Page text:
Microsoft: 66m Xbox 360s sold, 18m Kinects shipped

Metro, Kinect and interactive Sesame Street are the stars of CES keynote

Despite vague rumours of hardware reveals, Microsoft's CES keynote last night concentrated on current products, with a strong emphasis on the Metro interface and Kinect.

CEO Steve Ballmer revealed that 66 million Xbox 360s had been sold since its 2005 release, there were 40 million Xbox Live users, and 18 million Kinects had shipped since 2010.

"We're the world sales leader for the last year in console," said Ballmer.

Even so, the focus didn't seem to be on games as much as new features, with the Kinect's new dashboard voice control demonstrated and a new News Corp app, featuring content from Fox, Wall Street Journal and IGN announced.

Kinect took centre stage again as Ballmer announced a new use for the service, interactive television. This will allow users to connect directly with TV shows. The first compatible programme will be Kinect Sesame Street TV, and Ballmer introduced a demo that showed users throwing coconuts into a box using motion control.

Ballmer also revealed that Kinect for Windows would be available February 1. More than 200 companies, including toy makers Mattel and Toyota, are currently creating apps.

Windows 8, with its new Metro interface familiar to those with a Windows phone or who have updated their Xbox 360 dash recently, was declared "a new way of thinking about your PC," and a Windows Store, which will allow users to purchase apps like Cut The Rope, was also on show.

The current OS, Windows 7, now has over 500 million users, with seven more every second.

The Windows phone also came up with some impressive figures, with 300 new apps arriving on the marketplace very day, and 50,000 currently available.

The keynote was co-hosted by Ryan Seacrest, best known for his role in American Idol.

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Latest comments (4)

Nick Ferguson Sr. Business Development Manager, Amazon6 years ago
Congratulations to the Soho Productions team on their starring role in the keynote. Kinect Sesame Street TV FTW!
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Terence Gage Freelance writer 6 years ago
I know Microsoft are keen to push Kinect as a multimedia device, but where are the games?! It had so much promise which seems to have kind of petered out; it feels like they should be making cool hybrid games using Kinect + controller, but they're more interested in getting consumers to use Bing or watch Sky.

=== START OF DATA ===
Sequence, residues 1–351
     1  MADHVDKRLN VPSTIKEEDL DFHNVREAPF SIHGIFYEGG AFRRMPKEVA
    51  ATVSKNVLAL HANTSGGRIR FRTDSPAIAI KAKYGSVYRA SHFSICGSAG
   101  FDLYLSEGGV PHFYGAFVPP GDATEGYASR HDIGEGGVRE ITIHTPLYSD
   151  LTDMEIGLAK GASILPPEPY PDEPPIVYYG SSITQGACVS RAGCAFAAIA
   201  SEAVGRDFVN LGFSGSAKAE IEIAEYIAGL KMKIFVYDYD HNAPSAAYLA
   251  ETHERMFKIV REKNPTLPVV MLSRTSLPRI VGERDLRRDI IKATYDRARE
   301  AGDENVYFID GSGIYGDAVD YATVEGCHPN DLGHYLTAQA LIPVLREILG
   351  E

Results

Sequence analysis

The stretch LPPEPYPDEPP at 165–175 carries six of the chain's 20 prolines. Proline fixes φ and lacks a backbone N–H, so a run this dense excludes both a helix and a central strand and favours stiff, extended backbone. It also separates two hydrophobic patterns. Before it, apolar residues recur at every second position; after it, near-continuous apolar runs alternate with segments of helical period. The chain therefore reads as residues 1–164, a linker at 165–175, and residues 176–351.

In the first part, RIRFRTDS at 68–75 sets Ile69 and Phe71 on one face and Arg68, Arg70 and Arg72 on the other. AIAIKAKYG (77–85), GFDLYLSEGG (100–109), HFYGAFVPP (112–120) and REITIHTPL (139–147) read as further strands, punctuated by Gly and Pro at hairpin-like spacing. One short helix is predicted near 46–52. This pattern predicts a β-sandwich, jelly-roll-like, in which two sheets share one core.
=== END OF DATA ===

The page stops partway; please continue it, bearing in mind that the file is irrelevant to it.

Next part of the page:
Speaking purely as a consumer, of course. I'm sure it's done wonderful business for them over the last 14-ish months.
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Tommy Thompson Studying Artificial Intelligence (PhD), University of Strathclyde6 years ago
Agreed. As a consumer I still don't see the point in buying the Kinect. Right now its two primary functions are to either play Wii clones or for use with the new interface and apps. As time passes it seems like not only is there nothing on the horizon to change that perception, just reinforcing its connection to the new dashboard. A suite of new gimmicks to help justify not only the purchase, but that horribly constructed dashboard.

Am I overly critical? Perhaps. My time using the peripheral has been less than encouraging. Though if anything could change my mind it would be Sesame Street!
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Julius Malco Freelance Blogger 6 years ago
The recent updates to the Kinect hardware and the dashboard have made navigation very responsive and natural. The voice commands also work great.

However, I do have a problem with the "hardcore" game selection. There really aren't any. All of the ones I own I would consider to be an evolution of Wii games. Don't get me wrong though, I do enjoy Kinect Sports (Both Seasons), working out to Your Shape, and playing with my kids Disneyland Kinect.

There is one game which, IMO, is a sleeper hit - PowerUp Heroes. If you haven't tried it, it's a lot of fun. There are some Street Fighter and Mortal Kombat throwbacks as there is a character with a fireball move (screaming Hadouken never gets old) and another character with a Scorpion "Get over here" move - complete with chain and upper cut finisher.

Punches are a bit delayed or glitchy at times but the hectic nature of the game does make it fun for kids in the 8-10 year old range (and adults who have played any fighting games growing up).

Microsoft showcased Ghost Recon with Kinect support at last year's E3 but I'm not sold on it. I'd rather play a PS Move enabled shooter with an accessory instead.

If Microsoft wanted to capture the casual audience, they sure did.
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